Since October has arrived and the cool weather has made a wonderful return, we are furthering our exploration of colors, textures, and natural materials with the infant classroom. In this activity, we studied fall colors, including deep blues, rich reds, dark purples and burnt oranges. The infants experimented with these colors through finger painting what resulted was a wonderfully cute and enriching experience for them (and us)! We added a few images below of some of their masterpieces.
By stimulating young learners, they are able to develop an understanding of the world around them at an early age. You can see how the children experimented with the paint and colors, and how they enjoyed the wonderfully messy activity. We often caught them staring at their hands, completely in awe that their palms were a different color than what they’re used to seeing, and becoming curious as to how this happened.
From birth, children have learned about the world by touching, tasting, smelling, seeing, and hearing. Sensory play also highly contributes to brain development in infants… think of it as “food for the brain.” According to Suzanne Gainsley, “Even before children can speak, they are developing an understanding of things in their environment by actively exploring them with all their senses. As they become more verbal, they are able to describe similarities and differences in what they see, hear, taste, touch, and smell.” At this age, sometimes it’s easier to communicate through art rather than words. Finger painting gives children an outlet to express their feelings and represent ideas in a visual form with no limits as to what they “have to” design.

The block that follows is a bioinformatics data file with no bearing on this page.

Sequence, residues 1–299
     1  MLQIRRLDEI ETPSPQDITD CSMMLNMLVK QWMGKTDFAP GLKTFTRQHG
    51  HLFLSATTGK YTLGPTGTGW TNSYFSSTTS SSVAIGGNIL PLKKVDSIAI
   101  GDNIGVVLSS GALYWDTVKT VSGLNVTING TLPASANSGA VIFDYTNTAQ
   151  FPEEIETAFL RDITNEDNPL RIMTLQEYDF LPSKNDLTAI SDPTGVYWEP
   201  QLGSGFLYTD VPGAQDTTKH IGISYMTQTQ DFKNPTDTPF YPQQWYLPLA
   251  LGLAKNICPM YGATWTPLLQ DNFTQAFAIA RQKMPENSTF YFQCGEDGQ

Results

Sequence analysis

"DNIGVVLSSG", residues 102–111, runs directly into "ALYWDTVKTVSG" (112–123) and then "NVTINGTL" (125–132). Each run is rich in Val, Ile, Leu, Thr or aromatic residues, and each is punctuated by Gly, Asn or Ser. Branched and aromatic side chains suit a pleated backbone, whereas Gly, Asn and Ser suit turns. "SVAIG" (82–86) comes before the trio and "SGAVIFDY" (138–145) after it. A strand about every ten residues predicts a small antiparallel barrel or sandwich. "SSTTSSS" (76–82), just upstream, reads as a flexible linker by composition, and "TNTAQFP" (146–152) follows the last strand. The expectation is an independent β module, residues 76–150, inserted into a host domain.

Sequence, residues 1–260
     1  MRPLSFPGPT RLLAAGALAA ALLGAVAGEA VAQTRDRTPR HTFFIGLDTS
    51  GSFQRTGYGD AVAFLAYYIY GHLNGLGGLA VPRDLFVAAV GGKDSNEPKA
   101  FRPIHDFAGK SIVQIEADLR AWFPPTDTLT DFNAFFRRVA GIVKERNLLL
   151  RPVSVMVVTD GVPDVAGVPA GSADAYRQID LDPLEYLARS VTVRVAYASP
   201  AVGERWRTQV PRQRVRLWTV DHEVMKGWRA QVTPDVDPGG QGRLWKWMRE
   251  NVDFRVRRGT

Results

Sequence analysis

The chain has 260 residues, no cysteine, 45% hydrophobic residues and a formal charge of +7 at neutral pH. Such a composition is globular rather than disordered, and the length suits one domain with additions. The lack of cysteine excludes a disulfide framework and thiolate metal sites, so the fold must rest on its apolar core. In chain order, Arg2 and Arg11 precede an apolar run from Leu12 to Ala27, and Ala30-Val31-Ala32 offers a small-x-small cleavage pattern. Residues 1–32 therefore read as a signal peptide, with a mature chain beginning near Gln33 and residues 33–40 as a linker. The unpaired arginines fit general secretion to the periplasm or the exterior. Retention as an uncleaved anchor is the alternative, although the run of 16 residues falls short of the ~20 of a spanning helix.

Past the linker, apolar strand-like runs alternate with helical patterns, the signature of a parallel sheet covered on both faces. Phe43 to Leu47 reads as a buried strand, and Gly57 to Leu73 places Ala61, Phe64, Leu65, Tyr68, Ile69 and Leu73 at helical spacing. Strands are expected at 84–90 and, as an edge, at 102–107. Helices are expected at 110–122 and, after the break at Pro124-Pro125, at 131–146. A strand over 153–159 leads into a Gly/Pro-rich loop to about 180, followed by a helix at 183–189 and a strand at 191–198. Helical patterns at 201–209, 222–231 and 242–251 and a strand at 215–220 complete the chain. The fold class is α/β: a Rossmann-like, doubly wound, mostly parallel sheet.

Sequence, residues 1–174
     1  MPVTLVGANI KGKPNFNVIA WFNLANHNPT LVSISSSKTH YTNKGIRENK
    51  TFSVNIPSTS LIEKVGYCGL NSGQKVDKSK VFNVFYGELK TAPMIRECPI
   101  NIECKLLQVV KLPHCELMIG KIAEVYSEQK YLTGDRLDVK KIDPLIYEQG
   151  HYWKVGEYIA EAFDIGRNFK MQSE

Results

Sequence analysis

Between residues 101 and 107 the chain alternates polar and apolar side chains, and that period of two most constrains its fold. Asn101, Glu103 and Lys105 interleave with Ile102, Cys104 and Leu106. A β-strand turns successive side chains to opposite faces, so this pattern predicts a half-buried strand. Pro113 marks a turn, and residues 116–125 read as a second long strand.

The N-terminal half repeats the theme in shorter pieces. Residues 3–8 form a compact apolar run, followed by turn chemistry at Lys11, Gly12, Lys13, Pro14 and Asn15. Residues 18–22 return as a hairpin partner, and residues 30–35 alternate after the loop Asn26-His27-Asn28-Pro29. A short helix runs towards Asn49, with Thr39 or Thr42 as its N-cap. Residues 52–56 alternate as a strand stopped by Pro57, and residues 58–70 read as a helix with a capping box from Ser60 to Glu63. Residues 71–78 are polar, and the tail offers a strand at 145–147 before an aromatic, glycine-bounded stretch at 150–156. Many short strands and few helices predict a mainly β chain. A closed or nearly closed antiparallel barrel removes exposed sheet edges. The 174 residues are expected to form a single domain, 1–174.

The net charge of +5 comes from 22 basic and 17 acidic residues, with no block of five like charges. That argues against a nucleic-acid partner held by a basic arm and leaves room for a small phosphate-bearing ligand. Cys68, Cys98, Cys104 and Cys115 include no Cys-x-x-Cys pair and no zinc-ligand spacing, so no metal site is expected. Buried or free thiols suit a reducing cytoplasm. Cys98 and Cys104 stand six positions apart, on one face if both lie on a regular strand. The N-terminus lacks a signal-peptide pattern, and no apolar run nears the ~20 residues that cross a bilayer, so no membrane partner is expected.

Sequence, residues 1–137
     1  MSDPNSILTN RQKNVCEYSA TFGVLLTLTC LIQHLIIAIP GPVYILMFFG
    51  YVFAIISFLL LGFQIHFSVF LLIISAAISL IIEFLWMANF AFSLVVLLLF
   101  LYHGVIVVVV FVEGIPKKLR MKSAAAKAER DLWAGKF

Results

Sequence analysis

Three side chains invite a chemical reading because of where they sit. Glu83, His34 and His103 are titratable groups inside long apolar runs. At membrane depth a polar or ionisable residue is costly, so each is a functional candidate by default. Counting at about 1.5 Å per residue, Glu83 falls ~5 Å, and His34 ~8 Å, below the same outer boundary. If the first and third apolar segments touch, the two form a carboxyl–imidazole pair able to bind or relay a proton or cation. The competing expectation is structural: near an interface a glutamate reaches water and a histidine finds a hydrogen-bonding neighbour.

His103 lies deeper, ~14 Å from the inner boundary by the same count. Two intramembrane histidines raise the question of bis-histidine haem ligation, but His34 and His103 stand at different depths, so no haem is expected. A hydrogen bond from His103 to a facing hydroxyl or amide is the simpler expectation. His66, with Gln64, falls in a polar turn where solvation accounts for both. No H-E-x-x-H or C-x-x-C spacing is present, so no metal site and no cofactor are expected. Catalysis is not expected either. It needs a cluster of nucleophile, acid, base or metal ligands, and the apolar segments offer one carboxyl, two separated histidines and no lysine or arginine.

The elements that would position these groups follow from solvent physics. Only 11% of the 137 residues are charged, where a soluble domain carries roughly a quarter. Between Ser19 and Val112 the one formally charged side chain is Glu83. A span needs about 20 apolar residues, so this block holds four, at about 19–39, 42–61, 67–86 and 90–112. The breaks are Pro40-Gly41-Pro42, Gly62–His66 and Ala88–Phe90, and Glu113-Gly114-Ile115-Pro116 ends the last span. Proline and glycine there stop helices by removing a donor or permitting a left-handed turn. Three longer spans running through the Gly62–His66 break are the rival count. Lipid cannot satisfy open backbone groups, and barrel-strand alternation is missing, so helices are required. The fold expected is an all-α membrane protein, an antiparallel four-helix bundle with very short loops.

We always try to encourage the infants to engage in sensory play with different materials. Long before children are able to draw smiley faces and write their names, they learn how to express themselves through non-communicative acts, like doodling, scribbling, and smearing paint across a canvas. While infants don’t have the dexterity to hold and manipulate a paintbrush, they find particular joy in finger painting with their individual fingers and whole hands. Finger painting with infants allows the children to begin their fine motor development, explore colors, form the connection between hand and eye coordination, and explore the relationship between what they do and what happens afterwards. For example: how many of you have seen your child slap their hand on the table, and then appear shocked that a noise was produced, then continue to do it to see if the same reaction occurs? Finger painting is an excellent way for children to explore this cause-and-effect relationship and for us to respond to their non-communicative cues. This is also a great example of how the Reggio Emilia approach values the “languages” of children; we believe that children can grow, learn, and communicate through a variety of activities, not just by reading a book or hearing a lecture.